• Tuesday, Aug 04, 2020
  • Last Update : 08:32 am

ARTICLE 19: Freedom of expression and free flow of information under threat

  • Published at 08:09 pm June 23rd, 2020
Article 19

It also expressed profound concerns over summoning of at least 10 journalists by the police authority after the publication of a report on the illegal activity of a senior cop

ARTICLE 19, a United Kingdom based international human rights organization, has expressed its deep concerns over the arrests of students and university teachers for Facebook posts allegedly demeaning and humiliating late Awami League presidium member Mohammed Nasim. 

It also expressed profound concerns over summoning of at least 10 journalists by the police authority after the publication of a report on the illegal activity of a senior cop, said a statement issued by the organization. 

ARTICLE 19 observed that there have been persistent attacks, threats and intimidation and lawsuits against various classes and professions across the country, especially writers and journalists, over reports of corruption, irregularities and simply expression through news, cartoons, photographs and social media amid the Covid-19 pandemic. 

In the statement, Mr Faruq Faisel, regional director for Bangladesh and South Asia of ARTICLE 19 said: “Responses to the Covid-19 outbreak should reflect international human rights guarantees, including those relating to the right to freedom of expression and information.”  

"It is observed that instead of protecting journalists, whistle-blowers and human rights defenders, the Bangladesh government continually harasses and prosecutes them." 

The government has taken advantage of the Covid-19 pandemic to ramp up its attack on civic freedoms, reads the press release. 

Using the notorious Digital Security Act, 2018 to suppress reporting or public discourse not only infringes human rights but also impedes Bangladesh’s endeavour to combat the crisis.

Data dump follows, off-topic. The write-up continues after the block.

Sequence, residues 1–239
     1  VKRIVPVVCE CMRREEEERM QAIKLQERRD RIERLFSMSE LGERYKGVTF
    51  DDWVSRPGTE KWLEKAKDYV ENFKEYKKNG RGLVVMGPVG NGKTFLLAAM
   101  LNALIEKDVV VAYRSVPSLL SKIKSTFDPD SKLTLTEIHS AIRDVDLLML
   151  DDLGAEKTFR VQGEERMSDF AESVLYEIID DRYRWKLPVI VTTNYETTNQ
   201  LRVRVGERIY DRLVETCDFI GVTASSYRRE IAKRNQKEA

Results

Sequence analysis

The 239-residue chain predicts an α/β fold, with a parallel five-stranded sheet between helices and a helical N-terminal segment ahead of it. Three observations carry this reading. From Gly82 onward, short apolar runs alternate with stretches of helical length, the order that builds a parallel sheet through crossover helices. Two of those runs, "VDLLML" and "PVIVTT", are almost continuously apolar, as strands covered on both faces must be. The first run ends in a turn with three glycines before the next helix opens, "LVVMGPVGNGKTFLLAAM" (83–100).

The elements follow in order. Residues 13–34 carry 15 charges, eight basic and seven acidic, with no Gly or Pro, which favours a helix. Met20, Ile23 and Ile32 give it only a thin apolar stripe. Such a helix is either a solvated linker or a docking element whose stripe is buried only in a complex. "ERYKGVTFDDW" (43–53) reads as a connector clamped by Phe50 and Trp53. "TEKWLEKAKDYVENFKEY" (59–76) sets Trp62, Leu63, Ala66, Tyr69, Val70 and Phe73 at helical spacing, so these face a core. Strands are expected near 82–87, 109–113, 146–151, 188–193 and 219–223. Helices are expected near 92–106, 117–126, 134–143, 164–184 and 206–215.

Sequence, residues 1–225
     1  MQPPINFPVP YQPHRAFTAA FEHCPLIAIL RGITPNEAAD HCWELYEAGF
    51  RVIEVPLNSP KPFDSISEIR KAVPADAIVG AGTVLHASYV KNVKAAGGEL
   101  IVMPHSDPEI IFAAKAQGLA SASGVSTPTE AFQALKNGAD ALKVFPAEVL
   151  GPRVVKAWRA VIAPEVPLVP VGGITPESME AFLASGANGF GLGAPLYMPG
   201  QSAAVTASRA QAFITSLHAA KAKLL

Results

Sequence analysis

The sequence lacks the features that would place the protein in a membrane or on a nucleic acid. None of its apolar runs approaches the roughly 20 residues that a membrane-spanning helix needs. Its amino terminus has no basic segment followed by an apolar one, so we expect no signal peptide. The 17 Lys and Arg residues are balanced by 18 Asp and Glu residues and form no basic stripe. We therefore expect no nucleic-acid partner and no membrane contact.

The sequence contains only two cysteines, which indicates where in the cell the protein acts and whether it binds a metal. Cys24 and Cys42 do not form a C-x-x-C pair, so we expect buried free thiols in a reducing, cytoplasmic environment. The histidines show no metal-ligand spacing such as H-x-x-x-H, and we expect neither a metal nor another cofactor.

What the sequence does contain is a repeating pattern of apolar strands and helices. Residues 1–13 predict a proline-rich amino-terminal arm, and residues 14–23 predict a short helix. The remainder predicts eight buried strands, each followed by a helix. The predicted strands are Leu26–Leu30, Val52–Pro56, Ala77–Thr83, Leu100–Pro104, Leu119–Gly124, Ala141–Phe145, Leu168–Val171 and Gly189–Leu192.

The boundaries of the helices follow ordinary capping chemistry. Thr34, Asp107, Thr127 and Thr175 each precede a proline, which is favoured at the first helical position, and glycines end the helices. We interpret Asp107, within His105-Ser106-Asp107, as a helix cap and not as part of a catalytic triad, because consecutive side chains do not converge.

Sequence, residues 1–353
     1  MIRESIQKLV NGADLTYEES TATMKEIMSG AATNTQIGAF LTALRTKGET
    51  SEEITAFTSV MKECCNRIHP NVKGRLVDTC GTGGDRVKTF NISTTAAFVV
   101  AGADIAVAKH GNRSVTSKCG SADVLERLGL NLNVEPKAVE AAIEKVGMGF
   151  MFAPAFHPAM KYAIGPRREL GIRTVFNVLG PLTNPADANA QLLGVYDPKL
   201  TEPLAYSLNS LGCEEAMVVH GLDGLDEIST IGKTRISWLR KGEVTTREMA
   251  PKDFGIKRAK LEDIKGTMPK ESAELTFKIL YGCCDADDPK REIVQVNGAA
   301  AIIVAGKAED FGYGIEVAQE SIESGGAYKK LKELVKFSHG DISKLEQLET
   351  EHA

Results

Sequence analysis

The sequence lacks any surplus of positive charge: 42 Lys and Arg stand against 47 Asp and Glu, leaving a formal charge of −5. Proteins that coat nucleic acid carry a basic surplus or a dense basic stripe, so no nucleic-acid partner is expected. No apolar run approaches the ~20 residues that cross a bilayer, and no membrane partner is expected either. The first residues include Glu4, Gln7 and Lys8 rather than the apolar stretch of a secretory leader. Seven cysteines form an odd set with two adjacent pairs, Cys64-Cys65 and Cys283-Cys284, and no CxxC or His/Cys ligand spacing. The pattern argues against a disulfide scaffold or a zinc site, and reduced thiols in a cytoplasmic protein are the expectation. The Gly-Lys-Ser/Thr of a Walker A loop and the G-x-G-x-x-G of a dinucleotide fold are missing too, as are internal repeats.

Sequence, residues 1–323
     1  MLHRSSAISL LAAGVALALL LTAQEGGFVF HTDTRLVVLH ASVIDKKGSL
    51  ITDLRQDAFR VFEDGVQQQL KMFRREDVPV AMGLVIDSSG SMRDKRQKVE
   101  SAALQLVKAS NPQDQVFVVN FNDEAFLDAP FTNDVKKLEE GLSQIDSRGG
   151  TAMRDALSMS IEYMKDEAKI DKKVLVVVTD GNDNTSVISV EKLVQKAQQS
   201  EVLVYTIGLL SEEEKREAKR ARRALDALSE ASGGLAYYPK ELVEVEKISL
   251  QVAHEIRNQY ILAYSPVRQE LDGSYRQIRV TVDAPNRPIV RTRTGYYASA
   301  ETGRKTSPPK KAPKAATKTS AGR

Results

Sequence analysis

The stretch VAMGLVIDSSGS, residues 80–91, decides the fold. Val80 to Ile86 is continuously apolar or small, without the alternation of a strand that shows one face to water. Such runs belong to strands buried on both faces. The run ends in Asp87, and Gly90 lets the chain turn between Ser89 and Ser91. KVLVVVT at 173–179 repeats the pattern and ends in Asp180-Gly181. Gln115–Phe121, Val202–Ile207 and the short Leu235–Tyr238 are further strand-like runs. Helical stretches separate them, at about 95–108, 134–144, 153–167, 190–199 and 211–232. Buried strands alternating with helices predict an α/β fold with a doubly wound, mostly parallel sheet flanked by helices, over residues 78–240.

Transparency and accountability of the actions, free flow of information, citizen’s engagement and commitment to upholding human rights are the key to successfully tackle this pandemic, Faisel said. 

According to media reports, Sirajam Munira, a lecturer at the Department of Bangla of Begum Rokeya University, was arrested on June 14 for a case filed against her under the Digital Security Act.  

Munira reportedly posted a status on her profile on Facebook allegedly demeaning and humiliating late Awami League presidium member and former health minister Mohammed Nasim, a lawmaker from Sirajganj 1 constituency who died recently from coronavirus infection.                                            

Kazi Jahidur Rahman, a lecturer at the Department of Computer Science and Engineering of Rajshahi University was also arrested on June 18 under the same act, over a social media post allegedly criticizing   Mohammed Nasim. 

Authorities of Shahjalal University of Science and Technology have sued a student of the university under the Digital Security Act for an alleged derogatory post on Facebook about Nasim, as well.  

Nine cases have been filed in total under the act following the death of the former health minister.